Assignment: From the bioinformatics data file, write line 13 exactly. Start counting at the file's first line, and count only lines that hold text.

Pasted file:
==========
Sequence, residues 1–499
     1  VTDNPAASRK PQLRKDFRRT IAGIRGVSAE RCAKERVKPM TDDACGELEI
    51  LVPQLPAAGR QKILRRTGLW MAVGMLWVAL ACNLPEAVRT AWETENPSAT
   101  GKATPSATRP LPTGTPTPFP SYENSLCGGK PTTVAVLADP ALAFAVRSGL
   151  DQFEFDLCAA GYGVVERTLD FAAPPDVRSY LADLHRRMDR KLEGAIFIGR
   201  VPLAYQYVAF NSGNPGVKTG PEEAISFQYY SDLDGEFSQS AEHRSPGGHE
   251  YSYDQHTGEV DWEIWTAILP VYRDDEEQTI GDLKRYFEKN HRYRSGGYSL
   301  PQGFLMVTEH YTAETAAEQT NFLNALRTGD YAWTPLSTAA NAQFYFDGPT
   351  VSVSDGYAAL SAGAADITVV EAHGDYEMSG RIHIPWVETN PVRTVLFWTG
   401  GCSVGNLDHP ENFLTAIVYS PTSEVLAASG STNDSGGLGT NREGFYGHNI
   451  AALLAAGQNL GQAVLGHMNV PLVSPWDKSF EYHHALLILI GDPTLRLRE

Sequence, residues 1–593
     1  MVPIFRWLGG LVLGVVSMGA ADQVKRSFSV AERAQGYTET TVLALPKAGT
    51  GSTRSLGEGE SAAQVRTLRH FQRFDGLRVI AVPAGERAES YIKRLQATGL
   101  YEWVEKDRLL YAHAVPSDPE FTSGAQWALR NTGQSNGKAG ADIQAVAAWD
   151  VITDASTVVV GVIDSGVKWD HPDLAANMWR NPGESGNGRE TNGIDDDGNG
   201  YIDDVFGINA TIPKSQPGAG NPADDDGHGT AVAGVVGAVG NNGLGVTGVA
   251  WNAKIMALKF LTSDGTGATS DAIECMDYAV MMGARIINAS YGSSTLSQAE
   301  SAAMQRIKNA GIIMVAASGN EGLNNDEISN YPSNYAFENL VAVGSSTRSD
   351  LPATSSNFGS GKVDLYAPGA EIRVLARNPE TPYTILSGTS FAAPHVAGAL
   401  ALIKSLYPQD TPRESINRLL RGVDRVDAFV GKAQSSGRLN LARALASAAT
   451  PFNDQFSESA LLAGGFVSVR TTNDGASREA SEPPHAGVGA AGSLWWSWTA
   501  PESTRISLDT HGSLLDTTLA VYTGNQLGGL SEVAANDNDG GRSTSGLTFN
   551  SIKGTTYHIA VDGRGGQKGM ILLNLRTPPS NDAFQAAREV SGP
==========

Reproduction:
     1  MVPIFRWLGG LVLGVVSMGA ADQVKRSFSV AERAQGYTET TVLALPKAGT